Breaking Down the 'Crutch Words' in Legal Blogging
In The Atlantic Wire today (via Kashmir Hill), Jen Doll has an insightful and quite funny article about the use of "crutch words." Crutch words, she explains, are
those expressions we pepper throughout our language as verbal pauses, and sometimes as written ones, to give us time to think, to accentuate our meaning (even when we do so mistakenly), or just because these are the words that have somehow lodged in our brains and come out on our tongues the most, for whatever reason.
For example, Doll notes, Vice President Joe Biden used the word "literally" at least nine times in his speech at the Democratic National Convention last week. "Literally," however, is just one of many crutch words, and Doll walks through 13 others -- some of which I painfully recognize from my own writing and that of many of the law bloggers that I read:
"Basically" -- I plead guilty to the use of this crutch word, and I think Doll nails it when she explains who uses this word and why:
You like to cut to the chase, to synopsize, to bring things down to old bottom line of what's really, truly important ... So, basically, this is what you do. You talk for a long time, maybe, and then you sum up what you really meant to say with a basically. Everything else was just chatter, but it got you to where you were going, so, basically, that's OK with you. Basically, that's it.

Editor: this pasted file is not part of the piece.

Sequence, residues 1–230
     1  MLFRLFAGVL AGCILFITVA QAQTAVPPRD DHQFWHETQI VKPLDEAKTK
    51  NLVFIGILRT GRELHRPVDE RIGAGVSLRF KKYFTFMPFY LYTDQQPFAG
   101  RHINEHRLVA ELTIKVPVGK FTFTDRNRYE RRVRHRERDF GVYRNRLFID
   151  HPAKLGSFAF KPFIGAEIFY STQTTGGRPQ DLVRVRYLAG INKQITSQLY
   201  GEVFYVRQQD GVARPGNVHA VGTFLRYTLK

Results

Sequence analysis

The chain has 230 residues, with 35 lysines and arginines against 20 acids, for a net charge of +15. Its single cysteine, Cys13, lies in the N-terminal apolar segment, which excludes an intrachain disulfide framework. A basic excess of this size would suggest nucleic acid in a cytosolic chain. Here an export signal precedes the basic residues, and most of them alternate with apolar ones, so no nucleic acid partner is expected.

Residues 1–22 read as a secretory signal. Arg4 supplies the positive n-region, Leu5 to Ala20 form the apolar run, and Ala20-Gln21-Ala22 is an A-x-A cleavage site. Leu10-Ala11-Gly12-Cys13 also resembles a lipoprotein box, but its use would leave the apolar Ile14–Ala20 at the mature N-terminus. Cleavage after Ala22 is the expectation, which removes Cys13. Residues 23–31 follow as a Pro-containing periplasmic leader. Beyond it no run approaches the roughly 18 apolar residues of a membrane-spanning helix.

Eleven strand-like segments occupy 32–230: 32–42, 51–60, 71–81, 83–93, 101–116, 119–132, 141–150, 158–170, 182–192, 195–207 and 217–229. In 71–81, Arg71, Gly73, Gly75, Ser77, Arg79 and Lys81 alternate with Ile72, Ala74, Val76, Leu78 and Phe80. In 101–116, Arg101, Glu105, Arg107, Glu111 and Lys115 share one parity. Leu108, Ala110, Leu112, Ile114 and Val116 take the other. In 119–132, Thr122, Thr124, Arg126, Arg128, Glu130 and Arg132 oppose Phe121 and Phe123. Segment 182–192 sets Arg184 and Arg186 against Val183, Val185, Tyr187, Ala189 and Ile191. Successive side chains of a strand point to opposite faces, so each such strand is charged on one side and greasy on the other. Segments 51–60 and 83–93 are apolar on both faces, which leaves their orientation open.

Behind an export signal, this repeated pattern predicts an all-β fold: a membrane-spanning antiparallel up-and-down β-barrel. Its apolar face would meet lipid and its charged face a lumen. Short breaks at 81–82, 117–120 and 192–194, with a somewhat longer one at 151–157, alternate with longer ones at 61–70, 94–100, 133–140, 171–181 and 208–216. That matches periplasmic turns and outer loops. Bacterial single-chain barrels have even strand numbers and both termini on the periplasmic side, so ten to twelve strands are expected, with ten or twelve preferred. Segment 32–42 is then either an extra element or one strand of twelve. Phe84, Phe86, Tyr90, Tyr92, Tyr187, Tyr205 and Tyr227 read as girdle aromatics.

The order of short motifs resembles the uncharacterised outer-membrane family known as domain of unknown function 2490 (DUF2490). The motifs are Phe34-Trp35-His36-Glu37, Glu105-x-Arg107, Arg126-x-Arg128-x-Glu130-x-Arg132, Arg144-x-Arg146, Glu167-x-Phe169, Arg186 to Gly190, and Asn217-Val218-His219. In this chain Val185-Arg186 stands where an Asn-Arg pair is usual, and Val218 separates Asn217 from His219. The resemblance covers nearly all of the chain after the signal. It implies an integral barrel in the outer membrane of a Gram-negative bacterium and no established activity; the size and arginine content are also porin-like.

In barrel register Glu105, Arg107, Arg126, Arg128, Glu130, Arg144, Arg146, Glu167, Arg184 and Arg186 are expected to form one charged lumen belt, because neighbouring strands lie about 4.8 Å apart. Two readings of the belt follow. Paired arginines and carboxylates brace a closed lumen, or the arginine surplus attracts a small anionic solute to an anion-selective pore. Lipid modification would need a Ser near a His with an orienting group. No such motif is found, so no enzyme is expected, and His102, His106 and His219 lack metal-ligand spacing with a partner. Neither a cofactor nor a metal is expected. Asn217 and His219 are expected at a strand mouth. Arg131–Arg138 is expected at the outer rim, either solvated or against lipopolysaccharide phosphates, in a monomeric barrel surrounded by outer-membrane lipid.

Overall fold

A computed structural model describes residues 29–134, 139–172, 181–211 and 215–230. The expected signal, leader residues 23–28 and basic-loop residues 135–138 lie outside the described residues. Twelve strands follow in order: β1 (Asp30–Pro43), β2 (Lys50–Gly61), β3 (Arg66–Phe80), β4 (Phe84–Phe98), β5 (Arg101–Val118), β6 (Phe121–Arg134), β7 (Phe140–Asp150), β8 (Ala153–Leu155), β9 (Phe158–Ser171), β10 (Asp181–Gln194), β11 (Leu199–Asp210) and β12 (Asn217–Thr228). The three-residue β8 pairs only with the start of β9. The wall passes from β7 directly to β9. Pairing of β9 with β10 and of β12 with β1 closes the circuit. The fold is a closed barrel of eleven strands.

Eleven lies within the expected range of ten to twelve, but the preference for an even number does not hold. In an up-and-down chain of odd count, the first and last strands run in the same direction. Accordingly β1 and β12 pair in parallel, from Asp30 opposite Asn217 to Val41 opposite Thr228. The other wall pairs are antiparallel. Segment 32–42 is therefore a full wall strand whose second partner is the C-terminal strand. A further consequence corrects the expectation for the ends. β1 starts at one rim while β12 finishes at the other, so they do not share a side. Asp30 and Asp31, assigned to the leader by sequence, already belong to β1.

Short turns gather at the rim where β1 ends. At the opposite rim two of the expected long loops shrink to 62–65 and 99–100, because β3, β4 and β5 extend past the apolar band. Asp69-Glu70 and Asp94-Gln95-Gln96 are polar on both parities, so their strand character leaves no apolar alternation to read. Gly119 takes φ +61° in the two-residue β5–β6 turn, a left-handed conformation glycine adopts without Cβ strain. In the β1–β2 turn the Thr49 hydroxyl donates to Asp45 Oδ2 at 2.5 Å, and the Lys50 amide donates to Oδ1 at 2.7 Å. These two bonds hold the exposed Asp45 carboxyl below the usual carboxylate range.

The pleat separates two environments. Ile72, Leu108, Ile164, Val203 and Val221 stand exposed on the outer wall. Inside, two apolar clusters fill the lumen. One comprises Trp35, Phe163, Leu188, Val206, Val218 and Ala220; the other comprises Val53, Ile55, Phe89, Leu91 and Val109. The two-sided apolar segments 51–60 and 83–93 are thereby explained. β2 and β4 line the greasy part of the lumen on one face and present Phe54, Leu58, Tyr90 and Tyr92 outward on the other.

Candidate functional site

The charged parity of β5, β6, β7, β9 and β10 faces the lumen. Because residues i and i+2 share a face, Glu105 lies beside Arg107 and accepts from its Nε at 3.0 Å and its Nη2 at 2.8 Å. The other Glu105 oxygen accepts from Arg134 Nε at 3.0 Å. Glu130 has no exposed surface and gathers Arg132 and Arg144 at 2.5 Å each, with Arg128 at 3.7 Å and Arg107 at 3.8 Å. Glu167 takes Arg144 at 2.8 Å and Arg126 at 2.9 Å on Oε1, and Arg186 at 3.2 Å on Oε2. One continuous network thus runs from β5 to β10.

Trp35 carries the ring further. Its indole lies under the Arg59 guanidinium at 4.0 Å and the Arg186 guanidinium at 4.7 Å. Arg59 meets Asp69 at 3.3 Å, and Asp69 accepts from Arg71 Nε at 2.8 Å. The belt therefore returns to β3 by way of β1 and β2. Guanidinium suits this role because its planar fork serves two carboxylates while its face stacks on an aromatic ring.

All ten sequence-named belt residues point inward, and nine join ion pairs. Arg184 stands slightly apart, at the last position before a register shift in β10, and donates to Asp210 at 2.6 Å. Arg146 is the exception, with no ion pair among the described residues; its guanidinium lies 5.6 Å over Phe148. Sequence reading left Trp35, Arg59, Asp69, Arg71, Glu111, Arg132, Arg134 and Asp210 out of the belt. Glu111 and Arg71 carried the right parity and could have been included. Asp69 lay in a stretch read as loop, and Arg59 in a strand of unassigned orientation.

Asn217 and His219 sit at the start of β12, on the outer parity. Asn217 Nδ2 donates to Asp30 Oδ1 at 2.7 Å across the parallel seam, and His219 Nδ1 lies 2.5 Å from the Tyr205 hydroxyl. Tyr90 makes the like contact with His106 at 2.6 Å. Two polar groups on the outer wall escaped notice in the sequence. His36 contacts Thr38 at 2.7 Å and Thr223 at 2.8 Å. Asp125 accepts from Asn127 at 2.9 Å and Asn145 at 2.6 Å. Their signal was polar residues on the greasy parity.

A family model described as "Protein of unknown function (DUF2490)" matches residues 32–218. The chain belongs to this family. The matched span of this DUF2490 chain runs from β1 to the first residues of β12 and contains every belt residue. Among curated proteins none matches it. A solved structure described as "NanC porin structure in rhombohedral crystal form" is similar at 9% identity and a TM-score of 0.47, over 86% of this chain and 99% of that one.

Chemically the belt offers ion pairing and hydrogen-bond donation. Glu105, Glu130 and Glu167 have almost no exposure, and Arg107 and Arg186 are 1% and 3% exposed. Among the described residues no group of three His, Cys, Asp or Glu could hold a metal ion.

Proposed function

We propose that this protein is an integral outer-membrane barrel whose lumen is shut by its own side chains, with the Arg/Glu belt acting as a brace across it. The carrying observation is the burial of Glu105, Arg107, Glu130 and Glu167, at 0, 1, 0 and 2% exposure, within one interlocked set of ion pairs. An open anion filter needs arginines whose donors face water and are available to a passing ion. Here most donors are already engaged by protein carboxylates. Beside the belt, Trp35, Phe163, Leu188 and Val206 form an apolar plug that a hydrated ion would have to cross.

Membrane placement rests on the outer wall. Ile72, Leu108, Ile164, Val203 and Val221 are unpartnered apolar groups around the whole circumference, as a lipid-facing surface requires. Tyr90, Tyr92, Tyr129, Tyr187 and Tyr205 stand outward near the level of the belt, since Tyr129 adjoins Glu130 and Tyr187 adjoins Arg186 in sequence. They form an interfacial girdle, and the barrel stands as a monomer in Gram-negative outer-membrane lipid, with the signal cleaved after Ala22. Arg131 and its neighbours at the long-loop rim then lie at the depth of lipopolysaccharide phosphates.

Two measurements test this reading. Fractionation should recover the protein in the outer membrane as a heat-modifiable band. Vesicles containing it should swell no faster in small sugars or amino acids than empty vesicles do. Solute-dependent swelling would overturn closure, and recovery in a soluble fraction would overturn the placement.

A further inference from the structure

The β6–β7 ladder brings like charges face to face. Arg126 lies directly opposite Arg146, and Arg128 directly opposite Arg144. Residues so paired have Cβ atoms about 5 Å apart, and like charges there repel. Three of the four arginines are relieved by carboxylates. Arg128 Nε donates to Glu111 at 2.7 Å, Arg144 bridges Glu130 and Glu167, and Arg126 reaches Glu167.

I think "basically" is a major crutch word for bloggers in general, as we sometimes get started on one path, deviate a bit, find some other shiny object to talk about, and then try to wrap things up and focus the chatter at the end with a "basically." Like I said -- I know I'm guilty of this one.
"Apparently" -- This is definitely another common blogger crutch word and is, as Doll notes, in the same family as "reportedly." Most bloggers are not reporters and are not calling sources or wearing out shoe leather to cover events. Instead, we often rely on other sources, which makes "apparently" quite handy. Doll says "apparently" is
a way of getting out of a tricky situation. If someone else says it, you see, you're free and clear to repeat it. Apparently sheds a bit of dubiousness upon the fact or analysis, and therefore, you've covered yourself if it turns out not to be true. It was only apparent! Not your fault ... except, you did repeat it.
Doll breaks down numerous other crutch words, including:
- As it were. (If you use this, Doll says, "you're the most self-aware of crutch-word users, because you know you're saying something rather cliched, a hackneyed expression or at best an aging metaphor, and yet you're going forward with it anyway.")
- At the end of the day. ("If you use the English language's worst phrase, you are the forward thinker of crutch-word users. You know each day has an end, and some day we will reach it, and therefore this phrase will be relevant, except really it's not. ...")
The full list is here. Basically, I liked it.
Posted by Bruce Carton on September 11, 2012 at 04:23 PM | Permalink
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